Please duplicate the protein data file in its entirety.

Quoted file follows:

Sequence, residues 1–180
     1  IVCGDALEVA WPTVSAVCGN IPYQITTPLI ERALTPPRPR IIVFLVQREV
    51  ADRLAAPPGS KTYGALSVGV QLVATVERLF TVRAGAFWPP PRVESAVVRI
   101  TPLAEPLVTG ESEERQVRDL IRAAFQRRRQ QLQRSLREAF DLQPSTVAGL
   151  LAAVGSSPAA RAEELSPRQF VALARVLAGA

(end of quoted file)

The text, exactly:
Sequence, residues 1–180
     1  IVCGDALEVA WPTVSAVCGN IPYQITTPLI ERALTPPRPR IIVFLVQREV
    51  ADRLAAPPGS KTYGALSVGV QLVATVERLF TVRAGAFWPP PRVESAVVRI
   101  TPLAEPLVTG ESEERQVRDL IRAAFQRRRQ QLQRSLREAF DLQPSTVAGL
   151  LAAVGSSPAA RAEELSPRQF VALARVLAGA